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Switzerland backs special tribunal to investigate Russian aggression crime

Switzerland backs special tribunal to investigate Russian aggression crime Illustrative photo (Photo: Getty Images)
Author: Daria Shekina

Switzerland has announced its support for the establishment of a special tribunal to consider Russia's crime of aggression against Ukraine, according to the press service of the Swiss Ministry of Foreign Affairs.

Switzerland has affirmed its membership in the primary group of countries advocating for the establishment of such a tribunal. Switzerland firmly believes that aggression against Ukraine should not go unpunished.

Countries supporting the creation of a special tribunal for the crime of aggression against Ukraine have been meeting for several months within this main group of states. Their collective efforts are aimed at making decisions regarding the practical formation of the tribunal, including its format, location, and methods of operation.

Over the past few months, this initiative has gained support from 38 countries, including France, Germany, Norway, Guatemala, Japan, and Canada.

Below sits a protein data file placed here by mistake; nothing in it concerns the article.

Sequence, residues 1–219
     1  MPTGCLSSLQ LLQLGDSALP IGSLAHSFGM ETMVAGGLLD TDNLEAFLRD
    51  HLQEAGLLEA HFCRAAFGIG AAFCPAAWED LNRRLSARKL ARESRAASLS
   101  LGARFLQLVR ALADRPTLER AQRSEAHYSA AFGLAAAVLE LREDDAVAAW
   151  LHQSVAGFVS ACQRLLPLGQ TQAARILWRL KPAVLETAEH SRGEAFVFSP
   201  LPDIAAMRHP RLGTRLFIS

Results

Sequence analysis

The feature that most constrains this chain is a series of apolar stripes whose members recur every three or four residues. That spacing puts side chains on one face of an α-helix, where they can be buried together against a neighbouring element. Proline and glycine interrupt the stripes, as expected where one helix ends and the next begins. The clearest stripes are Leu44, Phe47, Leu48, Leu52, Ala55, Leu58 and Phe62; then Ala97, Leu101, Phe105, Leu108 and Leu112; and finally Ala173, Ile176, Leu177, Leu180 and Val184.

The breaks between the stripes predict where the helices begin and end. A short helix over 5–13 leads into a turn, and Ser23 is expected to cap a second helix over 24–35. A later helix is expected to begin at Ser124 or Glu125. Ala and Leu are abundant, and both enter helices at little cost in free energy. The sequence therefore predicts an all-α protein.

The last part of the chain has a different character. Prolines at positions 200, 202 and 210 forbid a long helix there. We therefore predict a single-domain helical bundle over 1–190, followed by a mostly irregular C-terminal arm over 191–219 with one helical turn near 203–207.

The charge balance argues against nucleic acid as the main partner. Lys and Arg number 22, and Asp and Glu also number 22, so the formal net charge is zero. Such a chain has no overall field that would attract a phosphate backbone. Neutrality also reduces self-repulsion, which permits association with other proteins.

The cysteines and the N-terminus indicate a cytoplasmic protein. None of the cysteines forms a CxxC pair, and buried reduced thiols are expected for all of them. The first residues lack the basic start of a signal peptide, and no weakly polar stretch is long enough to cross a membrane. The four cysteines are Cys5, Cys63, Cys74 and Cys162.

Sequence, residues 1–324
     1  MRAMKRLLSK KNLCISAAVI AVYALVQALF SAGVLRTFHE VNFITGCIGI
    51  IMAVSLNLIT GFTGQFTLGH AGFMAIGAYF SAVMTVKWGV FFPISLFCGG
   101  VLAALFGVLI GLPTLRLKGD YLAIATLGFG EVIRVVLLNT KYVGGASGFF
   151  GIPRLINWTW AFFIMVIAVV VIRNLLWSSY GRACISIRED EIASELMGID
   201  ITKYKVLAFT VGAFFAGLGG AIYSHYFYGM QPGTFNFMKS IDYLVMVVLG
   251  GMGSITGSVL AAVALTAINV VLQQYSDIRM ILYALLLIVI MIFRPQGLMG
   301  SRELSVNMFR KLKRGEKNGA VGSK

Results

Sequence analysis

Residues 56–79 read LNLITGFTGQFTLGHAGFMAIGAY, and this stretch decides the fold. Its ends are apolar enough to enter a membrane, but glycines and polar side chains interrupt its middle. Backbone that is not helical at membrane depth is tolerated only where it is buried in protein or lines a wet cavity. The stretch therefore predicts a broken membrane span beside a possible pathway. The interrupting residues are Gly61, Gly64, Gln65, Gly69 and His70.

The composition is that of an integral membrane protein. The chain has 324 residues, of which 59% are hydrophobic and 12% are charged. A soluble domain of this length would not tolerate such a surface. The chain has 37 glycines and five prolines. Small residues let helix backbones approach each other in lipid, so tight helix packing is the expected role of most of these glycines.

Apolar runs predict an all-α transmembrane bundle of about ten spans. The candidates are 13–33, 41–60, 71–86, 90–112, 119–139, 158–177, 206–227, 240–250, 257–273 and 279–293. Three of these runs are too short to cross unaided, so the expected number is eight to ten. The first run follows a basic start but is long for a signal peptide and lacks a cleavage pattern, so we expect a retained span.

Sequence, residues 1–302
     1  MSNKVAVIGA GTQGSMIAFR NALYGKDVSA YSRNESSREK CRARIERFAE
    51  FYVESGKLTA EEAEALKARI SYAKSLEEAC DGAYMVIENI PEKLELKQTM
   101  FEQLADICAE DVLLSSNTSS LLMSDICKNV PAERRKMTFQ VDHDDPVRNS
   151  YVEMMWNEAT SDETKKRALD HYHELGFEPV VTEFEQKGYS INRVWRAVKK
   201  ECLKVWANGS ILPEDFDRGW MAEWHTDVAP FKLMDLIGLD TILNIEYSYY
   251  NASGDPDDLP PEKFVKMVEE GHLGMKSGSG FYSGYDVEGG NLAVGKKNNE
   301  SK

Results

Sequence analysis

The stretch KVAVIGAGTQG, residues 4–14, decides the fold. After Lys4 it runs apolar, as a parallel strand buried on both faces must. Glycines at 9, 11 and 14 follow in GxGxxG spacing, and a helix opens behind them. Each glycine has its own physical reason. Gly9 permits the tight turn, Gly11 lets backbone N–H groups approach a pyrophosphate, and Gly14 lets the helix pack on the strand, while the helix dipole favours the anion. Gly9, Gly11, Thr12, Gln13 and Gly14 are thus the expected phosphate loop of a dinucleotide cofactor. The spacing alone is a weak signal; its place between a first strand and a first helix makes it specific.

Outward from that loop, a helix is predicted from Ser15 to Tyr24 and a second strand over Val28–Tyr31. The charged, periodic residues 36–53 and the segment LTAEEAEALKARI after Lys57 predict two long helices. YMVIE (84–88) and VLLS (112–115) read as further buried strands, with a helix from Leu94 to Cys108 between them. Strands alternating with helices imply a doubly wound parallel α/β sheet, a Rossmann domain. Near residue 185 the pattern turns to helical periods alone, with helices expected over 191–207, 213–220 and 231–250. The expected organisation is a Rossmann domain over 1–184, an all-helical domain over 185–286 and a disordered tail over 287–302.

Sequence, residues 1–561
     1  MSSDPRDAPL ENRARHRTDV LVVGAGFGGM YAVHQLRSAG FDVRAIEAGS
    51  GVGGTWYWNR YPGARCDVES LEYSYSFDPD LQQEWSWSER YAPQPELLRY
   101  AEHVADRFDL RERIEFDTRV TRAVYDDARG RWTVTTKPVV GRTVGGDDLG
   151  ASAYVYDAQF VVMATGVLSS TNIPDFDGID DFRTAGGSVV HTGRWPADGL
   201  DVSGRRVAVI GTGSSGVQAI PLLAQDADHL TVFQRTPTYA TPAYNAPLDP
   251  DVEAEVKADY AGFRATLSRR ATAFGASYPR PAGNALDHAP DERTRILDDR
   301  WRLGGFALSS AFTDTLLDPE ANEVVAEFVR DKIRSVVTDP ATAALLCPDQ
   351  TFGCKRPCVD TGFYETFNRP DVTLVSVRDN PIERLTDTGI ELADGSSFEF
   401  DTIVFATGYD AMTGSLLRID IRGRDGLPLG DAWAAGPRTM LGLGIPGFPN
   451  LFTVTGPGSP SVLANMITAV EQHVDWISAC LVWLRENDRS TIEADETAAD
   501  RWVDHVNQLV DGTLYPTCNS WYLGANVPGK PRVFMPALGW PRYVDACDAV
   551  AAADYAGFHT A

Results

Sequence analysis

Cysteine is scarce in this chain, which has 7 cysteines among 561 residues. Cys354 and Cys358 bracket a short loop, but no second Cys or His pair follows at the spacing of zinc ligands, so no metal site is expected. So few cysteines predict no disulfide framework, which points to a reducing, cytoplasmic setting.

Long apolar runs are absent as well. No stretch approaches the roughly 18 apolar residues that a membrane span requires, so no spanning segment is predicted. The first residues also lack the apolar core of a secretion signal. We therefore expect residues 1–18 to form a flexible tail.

The idea of creating such a tribunal has also been publicly supported by Ukraine, the European Union, and the Netherlands.

The Ministry of Foreign Affairs stated that although the International Criminal Court (ICC) has the authority to prosecute war crimes and crimes against humanity committed in Ukraine, it does not have jurisdiction over the "crime of aggression" in this conflict, as neither Russia nor Ukraine ratified the treaty establishing this court.

A special tribunal for Russia regarding crimes in Ukraine

38 countries are part of the group working on the creation of a special tribunal to hold Russia accountable for crimes committed in Ukraine.

According to the Deputy Head of the President's Office Ihor Zhovkva, Ukraine relies on unity among all group members regarding the working format of such a tribunal.

Discussions are ongoing. Additionally, the consideration of a relevant resolution in the United Nations General Assembly is expected.

As mentioned by a member of the Committee on National Security, Defense, and Intelligence of the Ukrainian Parliament, the representative of the President in the Parliament, Fedir Venislavskyi, such an international special tribunal could start operating as early as next year.

Meanwhile, Latvia's Prosecutor General, Juris Stukans, states that a special tribunal for Russia could be created tomorrow, but it requires a willingness.